Let There Be Lights / by Steven Klein


Illuminating solutions for your home and yard

September 07, 2012|By Kari Richardson | Special to the Tribune

im Tacheny installs exterior lighting for a living, but at the end of a long day, he still smiles when he drives up to his house and sees everything lit up.

"Lighting is enjoyable for the long haul," said Tacheny, principal of Estate Lighting Inc., based in Richmond, Ill. "We spend a lot of time in darkness in this part of the country. Lighting helps."

Artificial light is a subtle, but important component of your home's atmosphere: Get it right and people may not even notice. Get it wrong, and they are likely to feel uncomfortable or, worse yet, be unable to perform basic tasks well.

"If the light quality is poor, I can walk into a space and look at people's faces and figure out what's going on," said Milwaukee-area lighting designer Steven Klein. "They will be squinting or blinking. They might be squirming around and trying to readjust their bodies. That's not the way it should work. Light should be supportive of functions."

Gone are the days when a new home's lighting consisted of dining room and foyer chandeliers and a smattering of outlets designed to plug in lamps. Today's homes include chandeliers and lamps, as well as sconces, recessed lighting, under-cabinet lighting and up lighting on crown molding, to name a few.

With more choices than ever, it can be difficult to get it right. Here are some tips to help your home shine:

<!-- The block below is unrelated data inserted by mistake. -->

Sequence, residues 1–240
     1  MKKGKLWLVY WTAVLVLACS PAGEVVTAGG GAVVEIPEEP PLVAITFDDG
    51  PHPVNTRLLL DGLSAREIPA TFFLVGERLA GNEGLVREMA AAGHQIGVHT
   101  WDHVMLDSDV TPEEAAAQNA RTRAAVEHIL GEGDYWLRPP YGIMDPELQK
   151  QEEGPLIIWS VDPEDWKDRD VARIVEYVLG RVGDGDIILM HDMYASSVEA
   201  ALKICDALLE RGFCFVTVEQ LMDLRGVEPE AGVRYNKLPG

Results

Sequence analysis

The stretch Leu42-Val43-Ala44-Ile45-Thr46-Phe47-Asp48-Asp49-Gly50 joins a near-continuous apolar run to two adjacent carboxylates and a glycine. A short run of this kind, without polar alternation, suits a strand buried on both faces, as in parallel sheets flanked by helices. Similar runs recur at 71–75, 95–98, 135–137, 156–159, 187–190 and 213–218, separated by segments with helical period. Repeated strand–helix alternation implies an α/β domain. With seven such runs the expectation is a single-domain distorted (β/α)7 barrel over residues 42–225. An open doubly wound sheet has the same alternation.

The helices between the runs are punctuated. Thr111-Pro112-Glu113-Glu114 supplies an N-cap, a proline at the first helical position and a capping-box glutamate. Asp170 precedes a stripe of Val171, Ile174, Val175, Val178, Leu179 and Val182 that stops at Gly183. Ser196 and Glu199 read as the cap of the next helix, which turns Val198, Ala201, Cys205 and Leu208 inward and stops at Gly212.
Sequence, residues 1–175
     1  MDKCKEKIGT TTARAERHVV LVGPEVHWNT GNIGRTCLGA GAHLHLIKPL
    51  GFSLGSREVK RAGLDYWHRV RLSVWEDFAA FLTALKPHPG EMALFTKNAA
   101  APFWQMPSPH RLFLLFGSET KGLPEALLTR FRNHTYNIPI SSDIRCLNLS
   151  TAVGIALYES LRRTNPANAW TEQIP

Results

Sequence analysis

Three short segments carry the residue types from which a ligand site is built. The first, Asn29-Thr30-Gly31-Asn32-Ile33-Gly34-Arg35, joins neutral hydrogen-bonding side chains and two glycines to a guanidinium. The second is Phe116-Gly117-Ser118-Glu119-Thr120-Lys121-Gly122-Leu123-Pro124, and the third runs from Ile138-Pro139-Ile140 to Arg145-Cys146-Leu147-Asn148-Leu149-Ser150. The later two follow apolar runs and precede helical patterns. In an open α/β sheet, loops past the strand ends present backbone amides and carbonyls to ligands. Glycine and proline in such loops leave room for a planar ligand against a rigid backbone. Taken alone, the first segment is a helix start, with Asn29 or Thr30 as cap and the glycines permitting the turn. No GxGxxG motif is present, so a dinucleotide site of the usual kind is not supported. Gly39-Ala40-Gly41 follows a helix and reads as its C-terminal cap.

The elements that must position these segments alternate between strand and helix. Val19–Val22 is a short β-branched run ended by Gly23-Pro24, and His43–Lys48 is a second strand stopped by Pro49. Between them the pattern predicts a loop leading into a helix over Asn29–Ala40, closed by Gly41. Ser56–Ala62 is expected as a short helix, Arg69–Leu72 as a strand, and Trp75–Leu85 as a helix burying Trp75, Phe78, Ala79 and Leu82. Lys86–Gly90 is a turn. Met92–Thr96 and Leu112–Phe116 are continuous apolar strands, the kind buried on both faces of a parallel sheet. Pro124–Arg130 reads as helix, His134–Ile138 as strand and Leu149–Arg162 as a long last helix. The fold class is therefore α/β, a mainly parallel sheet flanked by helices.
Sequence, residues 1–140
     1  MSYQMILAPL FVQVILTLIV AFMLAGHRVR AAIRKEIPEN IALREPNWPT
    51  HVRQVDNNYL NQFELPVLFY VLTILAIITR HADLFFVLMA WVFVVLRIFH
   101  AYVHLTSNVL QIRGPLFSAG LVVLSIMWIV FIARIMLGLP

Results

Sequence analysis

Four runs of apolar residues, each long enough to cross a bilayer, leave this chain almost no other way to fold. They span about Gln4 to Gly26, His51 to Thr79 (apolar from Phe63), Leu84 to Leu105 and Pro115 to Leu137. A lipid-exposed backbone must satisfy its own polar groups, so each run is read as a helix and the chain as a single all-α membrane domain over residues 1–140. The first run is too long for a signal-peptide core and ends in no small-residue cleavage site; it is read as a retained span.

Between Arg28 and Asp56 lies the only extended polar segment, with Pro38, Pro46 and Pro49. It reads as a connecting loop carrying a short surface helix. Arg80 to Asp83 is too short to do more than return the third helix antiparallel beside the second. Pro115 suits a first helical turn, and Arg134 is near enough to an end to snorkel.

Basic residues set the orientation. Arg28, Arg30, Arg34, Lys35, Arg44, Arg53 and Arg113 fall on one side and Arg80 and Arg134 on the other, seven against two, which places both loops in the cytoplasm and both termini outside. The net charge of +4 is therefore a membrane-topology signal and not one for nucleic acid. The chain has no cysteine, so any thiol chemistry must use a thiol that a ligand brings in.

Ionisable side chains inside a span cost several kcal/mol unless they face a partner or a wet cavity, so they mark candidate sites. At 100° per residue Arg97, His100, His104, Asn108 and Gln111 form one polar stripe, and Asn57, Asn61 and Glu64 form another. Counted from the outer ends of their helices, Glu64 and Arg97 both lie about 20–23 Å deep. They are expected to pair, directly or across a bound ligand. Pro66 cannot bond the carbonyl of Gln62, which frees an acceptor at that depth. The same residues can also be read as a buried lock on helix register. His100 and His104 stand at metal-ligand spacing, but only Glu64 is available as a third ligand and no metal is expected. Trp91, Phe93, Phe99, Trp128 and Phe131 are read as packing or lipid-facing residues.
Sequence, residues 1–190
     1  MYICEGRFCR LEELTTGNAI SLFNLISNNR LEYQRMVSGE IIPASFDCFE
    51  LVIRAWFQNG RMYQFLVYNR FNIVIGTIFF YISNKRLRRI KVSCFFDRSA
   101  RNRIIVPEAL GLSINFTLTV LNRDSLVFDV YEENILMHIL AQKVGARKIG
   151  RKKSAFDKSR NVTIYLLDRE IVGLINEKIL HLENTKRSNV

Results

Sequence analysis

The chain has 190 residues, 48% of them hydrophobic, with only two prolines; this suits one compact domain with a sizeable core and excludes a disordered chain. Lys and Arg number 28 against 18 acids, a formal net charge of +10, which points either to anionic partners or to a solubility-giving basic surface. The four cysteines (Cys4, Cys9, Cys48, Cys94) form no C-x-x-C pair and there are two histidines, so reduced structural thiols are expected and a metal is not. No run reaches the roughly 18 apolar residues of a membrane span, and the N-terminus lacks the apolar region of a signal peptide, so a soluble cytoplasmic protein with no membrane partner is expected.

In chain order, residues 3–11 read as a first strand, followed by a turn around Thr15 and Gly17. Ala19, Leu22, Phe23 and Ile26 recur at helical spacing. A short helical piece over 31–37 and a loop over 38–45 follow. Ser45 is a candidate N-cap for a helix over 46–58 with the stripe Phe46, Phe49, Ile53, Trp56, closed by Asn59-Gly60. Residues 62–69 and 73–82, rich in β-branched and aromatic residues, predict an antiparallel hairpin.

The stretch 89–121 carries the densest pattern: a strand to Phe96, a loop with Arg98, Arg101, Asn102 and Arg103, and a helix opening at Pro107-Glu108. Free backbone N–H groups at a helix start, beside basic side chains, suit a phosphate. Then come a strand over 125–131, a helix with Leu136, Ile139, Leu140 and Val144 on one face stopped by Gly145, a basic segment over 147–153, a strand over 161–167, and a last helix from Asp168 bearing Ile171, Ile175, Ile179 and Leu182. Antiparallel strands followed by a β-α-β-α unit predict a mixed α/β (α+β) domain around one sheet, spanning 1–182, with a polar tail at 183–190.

Develop a lighting plan. Most architects and lighting specialists query clients about hobbies and habits before beginning the design process. Don't rush your responses. Take the necessary time to think through the likely uses for each of your home's areas and to get feedback from family members before starting to build or remodel. Adding fixtures and outlets costs more once construction is complete.

Are you an avid reader who wants to loll on the couch in the living room while paging through novels? Do you need specialized light in the kitchen to chop peppers for your favorite stew?

"People think table lamps are great if you like to read in bed," Klein said. "But table lamps cast a lot of light and that's not always great if the person who is lying next to you wants to sleep." A better solution, Klein said, might be a wall-mounted sconce that shines a beam of light directly onto the reader while her partner soundly snoozes. Solutions appear when you identify needs ahead of time.